This is the biggie, the one that all the others are held up against. Laurence Olivier’s Hamlet (1948) is serious business for sure. But can we talk about it, just between you and me, for a moment? I mean, this movie is just so ARCH. It’s really kind of camp, if you give it a second look. I’m not trying to be a jerk here, because really, I’m the English Lit freak, I love super-serious films, I love ye olde fashioned Shakespeare, I love black-and-white flicks, the whole lot. But, dayum, Larry. I don’t know if your movie holds up, here in 2016.
The settings are fabulous with big, medieval-ish castle-looking stuff going on, imposing archways and faux stone, grand staircases and the like. At first, the costumes seem to say this is set in the 16th century to go with the Bard’s language. But, whoa, that’s a very 1940s version of Tudor or Elizabethan or maybe late 15th century or whatever (Oscar-winning or not). And then there’s the hair. Hamlet and Ophelia are so very, very blond. It’s a good thing they don’t hook up in the end (spoilers!) because their kids would be practically albino pale. The hats (when they’re worn) are total fantasy mashups, kinda French hoods, kinda space alien crazy. No expense was spared to just add more crap all over the place, that’s the vibe I’m getting.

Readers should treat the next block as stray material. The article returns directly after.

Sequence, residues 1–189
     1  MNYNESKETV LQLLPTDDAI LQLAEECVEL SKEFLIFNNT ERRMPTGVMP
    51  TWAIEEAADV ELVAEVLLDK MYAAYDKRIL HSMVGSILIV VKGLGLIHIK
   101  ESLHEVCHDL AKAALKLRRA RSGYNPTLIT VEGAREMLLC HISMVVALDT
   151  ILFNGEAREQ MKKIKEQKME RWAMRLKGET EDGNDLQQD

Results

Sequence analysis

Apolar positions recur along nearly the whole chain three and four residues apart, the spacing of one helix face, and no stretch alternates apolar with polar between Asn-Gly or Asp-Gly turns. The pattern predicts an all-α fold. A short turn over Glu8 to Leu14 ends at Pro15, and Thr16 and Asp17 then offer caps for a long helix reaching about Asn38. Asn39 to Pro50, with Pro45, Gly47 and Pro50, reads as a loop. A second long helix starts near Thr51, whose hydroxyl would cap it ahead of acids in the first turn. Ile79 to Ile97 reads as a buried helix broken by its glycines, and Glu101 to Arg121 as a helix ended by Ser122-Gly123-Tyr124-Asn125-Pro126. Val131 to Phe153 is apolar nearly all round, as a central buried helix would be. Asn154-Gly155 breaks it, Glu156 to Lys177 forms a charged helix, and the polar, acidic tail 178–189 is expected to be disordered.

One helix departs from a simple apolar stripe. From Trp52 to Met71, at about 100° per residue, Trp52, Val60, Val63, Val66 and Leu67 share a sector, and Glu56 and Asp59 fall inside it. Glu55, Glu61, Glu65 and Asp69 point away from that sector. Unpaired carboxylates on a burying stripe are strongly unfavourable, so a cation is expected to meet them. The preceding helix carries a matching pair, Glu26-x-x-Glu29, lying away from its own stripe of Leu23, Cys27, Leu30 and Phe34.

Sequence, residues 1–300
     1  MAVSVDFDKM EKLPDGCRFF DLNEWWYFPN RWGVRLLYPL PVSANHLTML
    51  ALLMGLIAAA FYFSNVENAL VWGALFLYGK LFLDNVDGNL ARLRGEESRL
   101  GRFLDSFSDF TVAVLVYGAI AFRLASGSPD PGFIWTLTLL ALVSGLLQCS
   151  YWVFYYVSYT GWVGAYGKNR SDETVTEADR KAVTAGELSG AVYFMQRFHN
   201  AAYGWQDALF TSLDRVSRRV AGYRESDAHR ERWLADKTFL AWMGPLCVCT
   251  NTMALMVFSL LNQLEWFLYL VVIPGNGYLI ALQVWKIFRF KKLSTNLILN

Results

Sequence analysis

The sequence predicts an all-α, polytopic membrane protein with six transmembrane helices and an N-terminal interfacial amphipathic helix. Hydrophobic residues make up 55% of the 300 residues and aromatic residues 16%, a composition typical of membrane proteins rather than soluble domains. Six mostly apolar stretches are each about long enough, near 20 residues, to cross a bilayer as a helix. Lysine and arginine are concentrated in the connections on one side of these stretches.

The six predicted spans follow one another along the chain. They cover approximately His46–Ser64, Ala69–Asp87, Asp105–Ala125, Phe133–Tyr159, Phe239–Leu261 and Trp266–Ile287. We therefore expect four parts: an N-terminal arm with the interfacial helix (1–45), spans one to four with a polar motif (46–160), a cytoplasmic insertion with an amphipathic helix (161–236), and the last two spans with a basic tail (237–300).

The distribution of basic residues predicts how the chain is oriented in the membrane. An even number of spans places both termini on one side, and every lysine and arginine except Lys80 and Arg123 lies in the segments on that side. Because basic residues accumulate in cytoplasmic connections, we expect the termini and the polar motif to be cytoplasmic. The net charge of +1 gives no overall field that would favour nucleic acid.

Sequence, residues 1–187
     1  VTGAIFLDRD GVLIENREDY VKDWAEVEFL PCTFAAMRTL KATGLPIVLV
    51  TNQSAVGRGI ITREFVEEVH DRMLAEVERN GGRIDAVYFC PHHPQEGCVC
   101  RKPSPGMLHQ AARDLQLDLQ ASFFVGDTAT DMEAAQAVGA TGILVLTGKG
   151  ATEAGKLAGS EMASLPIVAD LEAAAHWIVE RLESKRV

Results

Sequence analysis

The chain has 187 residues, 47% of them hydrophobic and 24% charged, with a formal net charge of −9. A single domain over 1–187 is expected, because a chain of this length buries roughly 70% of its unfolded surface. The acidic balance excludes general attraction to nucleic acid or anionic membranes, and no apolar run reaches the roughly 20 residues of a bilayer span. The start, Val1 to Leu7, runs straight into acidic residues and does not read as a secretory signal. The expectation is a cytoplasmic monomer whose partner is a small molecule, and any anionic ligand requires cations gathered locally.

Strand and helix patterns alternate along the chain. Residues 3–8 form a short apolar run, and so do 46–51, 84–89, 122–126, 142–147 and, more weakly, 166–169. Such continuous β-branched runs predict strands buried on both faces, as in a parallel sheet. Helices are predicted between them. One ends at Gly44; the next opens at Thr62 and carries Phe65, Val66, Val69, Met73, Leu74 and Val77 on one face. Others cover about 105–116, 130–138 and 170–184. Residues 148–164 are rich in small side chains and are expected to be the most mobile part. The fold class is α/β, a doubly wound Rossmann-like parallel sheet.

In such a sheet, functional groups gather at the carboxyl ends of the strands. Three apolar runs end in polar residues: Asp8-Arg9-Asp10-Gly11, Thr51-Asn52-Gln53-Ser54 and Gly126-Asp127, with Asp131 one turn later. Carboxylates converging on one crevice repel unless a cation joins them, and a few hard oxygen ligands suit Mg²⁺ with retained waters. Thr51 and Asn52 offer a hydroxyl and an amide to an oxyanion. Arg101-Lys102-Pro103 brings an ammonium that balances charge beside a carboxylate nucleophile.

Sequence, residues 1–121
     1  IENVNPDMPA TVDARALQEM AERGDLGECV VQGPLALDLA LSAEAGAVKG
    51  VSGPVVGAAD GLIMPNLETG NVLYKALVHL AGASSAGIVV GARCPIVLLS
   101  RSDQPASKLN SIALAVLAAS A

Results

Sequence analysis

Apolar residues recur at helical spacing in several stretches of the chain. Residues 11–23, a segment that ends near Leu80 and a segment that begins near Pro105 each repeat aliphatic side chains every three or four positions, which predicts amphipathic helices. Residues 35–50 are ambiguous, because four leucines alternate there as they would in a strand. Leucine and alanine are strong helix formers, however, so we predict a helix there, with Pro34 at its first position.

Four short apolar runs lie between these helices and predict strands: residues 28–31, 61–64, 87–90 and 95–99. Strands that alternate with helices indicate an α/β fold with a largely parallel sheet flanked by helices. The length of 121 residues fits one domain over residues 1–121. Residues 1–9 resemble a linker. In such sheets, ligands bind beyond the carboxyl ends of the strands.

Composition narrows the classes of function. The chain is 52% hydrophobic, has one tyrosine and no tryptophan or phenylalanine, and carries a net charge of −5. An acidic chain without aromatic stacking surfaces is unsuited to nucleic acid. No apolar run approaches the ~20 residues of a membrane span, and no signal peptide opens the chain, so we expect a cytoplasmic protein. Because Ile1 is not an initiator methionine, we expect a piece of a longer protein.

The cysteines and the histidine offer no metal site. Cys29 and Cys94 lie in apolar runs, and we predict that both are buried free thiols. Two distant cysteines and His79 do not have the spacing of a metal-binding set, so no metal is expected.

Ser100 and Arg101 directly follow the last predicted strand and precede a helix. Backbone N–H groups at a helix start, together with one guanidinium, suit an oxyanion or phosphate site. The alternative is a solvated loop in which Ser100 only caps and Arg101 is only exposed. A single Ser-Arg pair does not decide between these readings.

It’s not just the costumes, though. The performance gets pretty heavy as you go in. Very THE-A-TAH. The kind of thing that works great live, and was probably awesome circa 1948, but, whoa, it feels a bit thick today.
But I could be a jaded bitch. I do really love Kenneth Branagh‘s film version of Hamlet (1996), which has a less stagey vibe even though it’s nearly twice as long. What’s up with that?
OK, let’s do this! Let’s talk about Laurence Olivier’s Hamlet!